Brain stem tumors in children have been classified pathologically as low grade or high grade gliomas and descriptively as diffuse gliomas, intrinsic gliomas, midbrain tumors, tectal gliomas, pencil gliomas, dorsal exophytic brain stem tumors, pontine gliomas, focal medullary tumors, cervicomedullary tumors, focal gliomas, or cystic gliomas.To search for a simplified and prognostic clinicopathologic scheme for brain stem tumors, the authors reviewed a consecutive cohort of patients younger than age 21 years with tumors diagnosed from 1980 through 1997. Pathology specimens and neuroimaging were classified by masked review. Statistical and survival analysis along with Cox proportional hazards regression was performed.Seventy-six patients were identified, with initial diagnostic magnetic resonance imaging available for 51 and pathology specimens for 48 patients. Twenty cases were classified histologically as pilocytic astrocytoma (PA), 14 as fibrillary astrocytoma (FA), and 14 as other tumors or indeterminate pathology. For all tumors, characteristics significantly associated with a worse survival rate were: symptom duration less than 6 months before diagnosis (P = 0.004); abducens palsy at presentation (P < 0.0001); pontine location (P = 0.0002); and engulfment of the basilar artery (P = 0.006). Pilocytic astrocytoma was associated with location outside the ventral pons (P = 0.001) and dorsal exophytic growth (P = 0.013); Fibrillary astrocytoma was associated with symptoms less than 6 months (P = 0. 006), abducens palsy (P < 0.001), and engulfment of the basilar artery (P = 0.002). Pilocytic astrocytoma showed 5-year overall survival (OS) of 95% (standard error [SE], 5%) compared with FA 1-year OS of 23% (SE, 11%;P < 0.0001).Brain stem tumors can be succinctly and better biologically classified as diffusely infiltrative brain stem gliomas-generally FA located in the ventral pons that present with abducens palsy, often engulf the basilar artery, and carry a grim prognosis-and focal brain stem gliomas-frequently PA arising outside the ventral pons, often with dorsal exophytic growth, a long clinical prodrome, and outstanding prognosis for survival. Our findings emphasize the individuality of PA as a distinct clinicopathologic entity with an exceptional prognosis.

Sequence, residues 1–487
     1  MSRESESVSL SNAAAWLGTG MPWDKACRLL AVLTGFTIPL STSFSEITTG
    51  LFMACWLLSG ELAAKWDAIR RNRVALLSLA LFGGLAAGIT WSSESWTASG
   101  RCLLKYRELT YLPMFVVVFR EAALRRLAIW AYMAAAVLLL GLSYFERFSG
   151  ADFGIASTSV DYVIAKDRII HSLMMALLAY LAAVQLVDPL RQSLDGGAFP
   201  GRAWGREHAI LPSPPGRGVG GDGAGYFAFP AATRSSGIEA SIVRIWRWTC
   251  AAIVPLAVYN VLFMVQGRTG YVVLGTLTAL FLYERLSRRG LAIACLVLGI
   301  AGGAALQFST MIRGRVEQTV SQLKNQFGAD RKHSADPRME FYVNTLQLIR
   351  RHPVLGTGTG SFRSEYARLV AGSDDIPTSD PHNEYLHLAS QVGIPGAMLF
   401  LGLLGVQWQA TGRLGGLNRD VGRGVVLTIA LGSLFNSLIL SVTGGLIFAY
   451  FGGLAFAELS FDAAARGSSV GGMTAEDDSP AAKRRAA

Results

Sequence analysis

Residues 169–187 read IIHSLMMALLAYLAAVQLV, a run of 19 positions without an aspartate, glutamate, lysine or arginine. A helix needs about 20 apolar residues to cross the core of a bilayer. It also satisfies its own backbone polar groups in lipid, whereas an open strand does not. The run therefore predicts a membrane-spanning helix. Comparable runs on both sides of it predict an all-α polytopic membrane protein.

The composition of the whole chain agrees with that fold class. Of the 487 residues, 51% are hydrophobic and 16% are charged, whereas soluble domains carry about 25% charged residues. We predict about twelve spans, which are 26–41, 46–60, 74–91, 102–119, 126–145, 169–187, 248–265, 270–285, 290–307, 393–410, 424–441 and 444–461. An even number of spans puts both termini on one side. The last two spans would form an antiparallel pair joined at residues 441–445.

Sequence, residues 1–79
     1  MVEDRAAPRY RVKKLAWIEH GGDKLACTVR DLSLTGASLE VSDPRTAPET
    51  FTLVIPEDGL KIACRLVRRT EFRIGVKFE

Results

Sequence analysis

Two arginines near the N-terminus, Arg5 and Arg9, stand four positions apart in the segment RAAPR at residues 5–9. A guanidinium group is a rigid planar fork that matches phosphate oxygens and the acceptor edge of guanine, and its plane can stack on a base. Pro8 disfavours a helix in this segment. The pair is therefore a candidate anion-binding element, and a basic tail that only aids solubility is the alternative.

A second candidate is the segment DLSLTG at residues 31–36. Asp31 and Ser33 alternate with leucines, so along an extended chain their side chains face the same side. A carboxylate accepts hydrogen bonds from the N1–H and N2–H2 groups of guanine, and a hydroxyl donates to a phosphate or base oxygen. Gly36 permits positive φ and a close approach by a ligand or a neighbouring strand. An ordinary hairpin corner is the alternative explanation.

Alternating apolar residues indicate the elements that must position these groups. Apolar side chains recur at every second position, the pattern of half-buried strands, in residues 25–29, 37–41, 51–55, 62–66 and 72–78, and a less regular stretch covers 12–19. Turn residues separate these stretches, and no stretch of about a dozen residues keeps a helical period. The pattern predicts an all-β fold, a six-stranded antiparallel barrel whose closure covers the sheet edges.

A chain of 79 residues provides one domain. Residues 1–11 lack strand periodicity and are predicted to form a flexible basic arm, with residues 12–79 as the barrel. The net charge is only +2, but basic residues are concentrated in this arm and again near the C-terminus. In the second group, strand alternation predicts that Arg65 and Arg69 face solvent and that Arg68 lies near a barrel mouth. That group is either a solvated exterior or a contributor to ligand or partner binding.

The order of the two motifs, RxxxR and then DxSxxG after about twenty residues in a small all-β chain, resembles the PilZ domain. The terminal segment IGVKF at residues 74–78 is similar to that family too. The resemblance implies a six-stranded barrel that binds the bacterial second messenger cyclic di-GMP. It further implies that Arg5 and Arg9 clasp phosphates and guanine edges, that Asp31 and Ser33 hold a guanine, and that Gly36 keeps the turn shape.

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View details for PubMedID 11013373